Two days before last Christmas, I came out to my best friend because he came out to me first. Danny had been fidgeting all night. Riding shotgun while Steve, another friend, drove, Danny kept looking back and forth between the two of us until Steve finally had enough.
"C'mon, just do it."
Danny, the Ivy League aspiring brain surgeon and high school varsity soccer captain, took a breath and then leaned over the seat with a stupid grin. "OK… I'm gay!" He exploded with laughter, bouncing about in his seat.
And I shot back, as coolly as I could manage, "Yeah, I knew that. I'm gay too."
This provoked a second round of bouncing even louder than the first. Danny shook his seat, Steve cheered, "I knew it! I knew it'd happen like this!" and I teased them both for being so dramatic, while inside I was screaming too. I finally had someone to get through this with — if only I were the bouncy type and he were a little more disenchanted like me.
In high school, there was Danny — the super-earnest and athletic valedictorian with a can-do attitude — and there was me — his chubby Jewish and obviously gay best friend who just wasn't quite out yet. In the fall after senior year, he went off to Yale with a pair of university-branded sneakers and I moved to Manhattan to become even more of a mensch at NYU.
So this was going to be great! OK — we were a bit different and a bit far away from each other, but there was always the internet, or a solid phone calls, or maybe a visit or two.
A week after Christmas, I decided it was time to come out to all of my friends once and for all. Sitting in my kitchen, I told my friend Sam my big, obvious secret. She gave me an only slightly condescending "aw," then a soft hug and said, "I knew. But can we talk about Danny?" This became a pattern with almost all of our mutual friends. It was nice being accepted so effortlessly, but also a bit deflating for something that I felt like had taken such lifework to be greeted with shrugs more so than cheers.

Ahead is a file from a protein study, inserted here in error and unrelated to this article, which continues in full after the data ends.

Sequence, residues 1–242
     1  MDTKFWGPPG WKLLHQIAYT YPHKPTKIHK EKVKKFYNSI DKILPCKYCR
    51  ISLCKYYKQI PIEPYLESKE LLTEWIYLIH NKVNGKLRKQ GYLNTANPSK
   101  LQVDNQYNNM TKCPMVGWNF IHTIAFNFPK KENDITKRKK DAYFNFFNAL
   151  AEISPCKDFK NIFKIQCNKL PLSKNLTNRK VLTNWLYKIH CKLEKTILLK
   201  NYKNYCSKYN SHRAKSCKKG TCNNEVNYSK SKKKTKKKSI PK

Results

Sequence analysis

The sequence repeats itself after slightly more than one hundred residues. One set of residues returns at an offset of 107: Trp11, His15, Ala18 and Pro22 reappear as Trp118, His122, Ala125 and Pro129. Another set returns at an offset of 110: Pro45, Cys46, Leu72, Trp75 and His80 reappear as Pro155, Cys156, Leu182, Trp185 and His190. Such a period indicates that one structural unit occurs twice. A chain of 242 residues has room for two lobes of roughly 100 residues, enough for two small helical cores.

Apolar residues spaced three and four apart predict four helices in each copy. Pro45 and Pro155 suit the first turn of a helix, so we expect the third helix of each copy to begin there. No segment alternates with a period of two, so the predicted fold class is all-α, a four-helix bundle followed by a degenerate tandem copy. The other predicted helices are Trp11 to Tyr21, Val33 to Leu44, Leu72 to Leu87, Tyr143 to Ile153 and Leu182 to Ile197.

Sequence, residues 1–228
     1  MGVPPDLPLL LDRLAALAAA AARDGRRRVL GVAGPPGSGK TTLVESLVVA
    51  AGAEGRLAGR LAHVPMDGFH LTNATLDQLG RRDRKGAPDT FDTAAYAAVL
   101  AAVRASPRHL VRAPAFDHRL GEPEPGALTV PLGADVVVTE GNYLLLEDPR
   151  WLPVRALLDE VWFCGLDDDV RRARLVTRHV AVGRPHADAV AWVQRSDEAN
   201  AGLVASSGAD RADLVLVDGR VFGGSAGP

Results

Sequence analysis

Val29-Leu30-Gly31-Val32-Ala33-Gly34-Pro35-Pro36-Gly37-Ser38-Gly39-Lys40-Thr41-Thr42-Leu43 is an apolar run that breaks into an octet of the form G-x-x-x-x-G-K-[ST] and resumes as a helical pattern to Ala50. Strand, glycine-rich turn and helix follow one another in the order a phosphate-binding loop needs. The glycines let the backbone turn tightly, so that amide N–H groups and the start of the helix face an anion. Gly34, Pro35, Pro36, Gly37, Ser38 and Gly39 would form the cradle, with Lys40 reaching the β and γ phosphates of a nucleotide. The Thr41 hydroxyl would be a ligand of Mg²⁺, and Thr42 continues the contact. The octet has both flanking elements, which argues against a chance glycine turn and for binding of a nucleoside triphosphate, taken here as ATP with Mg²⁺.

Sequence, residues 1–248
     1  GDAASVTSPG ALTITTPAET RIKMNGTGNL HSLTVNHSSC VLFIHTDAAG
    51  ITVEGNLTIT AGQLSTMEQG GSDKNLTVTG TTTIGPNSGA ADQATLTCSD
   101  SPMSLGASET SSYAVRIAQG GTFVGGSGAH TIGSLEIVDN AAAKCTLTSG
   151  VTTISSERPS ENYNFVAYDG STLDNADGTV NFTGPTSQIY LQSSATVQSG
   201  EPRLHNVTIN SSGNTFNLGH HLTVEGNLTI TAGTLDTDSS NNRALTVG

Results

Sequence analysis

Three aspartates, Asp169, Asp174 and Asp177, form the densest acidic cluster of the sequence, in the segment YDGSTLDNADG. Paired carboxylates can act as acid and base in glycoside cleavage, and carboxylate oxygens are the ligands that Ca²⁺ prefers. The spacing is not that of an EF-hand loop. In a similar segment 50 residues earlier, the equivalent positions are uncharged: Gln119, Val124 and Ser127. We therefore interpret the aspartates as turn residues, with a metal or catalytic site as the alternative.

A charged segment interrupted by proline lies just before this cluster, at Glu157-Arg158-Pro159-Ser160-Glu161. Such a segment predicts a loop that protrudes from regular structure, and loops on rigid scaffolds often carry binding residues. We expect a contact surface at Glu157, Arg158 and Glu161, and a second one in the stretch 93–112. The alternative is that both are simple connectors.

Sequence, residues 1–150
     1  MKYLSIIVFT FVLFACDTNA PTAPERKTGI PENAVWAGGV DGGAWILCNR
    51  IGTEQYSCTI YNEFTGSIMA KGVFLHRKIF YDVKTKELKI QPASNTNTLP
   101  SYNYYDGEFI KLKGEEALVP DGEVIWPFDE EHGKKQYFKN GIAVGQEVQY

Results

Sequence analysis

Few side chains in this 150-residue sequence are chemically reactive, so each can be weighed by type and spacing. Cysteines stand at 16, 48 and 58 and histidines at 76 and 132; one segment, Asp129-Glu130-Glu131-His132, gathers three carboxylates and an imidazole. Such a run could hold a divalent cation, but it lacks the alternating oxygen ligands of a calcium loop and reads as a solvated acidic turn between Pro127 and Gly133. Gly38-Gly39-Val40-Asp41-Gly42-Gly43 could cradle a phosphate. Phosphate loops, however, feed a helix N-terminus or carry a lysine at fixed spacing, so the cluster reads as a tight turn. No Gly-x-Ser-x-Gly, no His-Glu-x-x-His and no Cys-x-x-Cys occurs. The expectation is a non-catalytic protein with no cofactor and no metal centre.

In the months after we came out to each other, I didn't check in with Danny as much as I thought I would. Everything was going great, and I didn't really need his far-away shoulder to lean on. Each time we'd call the other and swap stories, Danny would tell me about the friend who cried dramatically on his shoulder, or the girl at the party who just wouldn't believe him. I only had tales of NYU cynics telling me, "So what?"
I set a deadline of the end of that summer to come out to both of my parents. I envisioned a completely out-of-the-closet life at every possible second. Freedom was just around the corner — but it was over a steep cliff.
However breezy coming out to my friends had been, my confidence chilled whenever I remembered riding in the car with my mom as an 11-year-old. "I really don't think gay people would choose to be gay," she said. "It just seems like such a hard life. Why would someone choose that?" I knew she really wouldn't care, but I just didn't want to take the chance.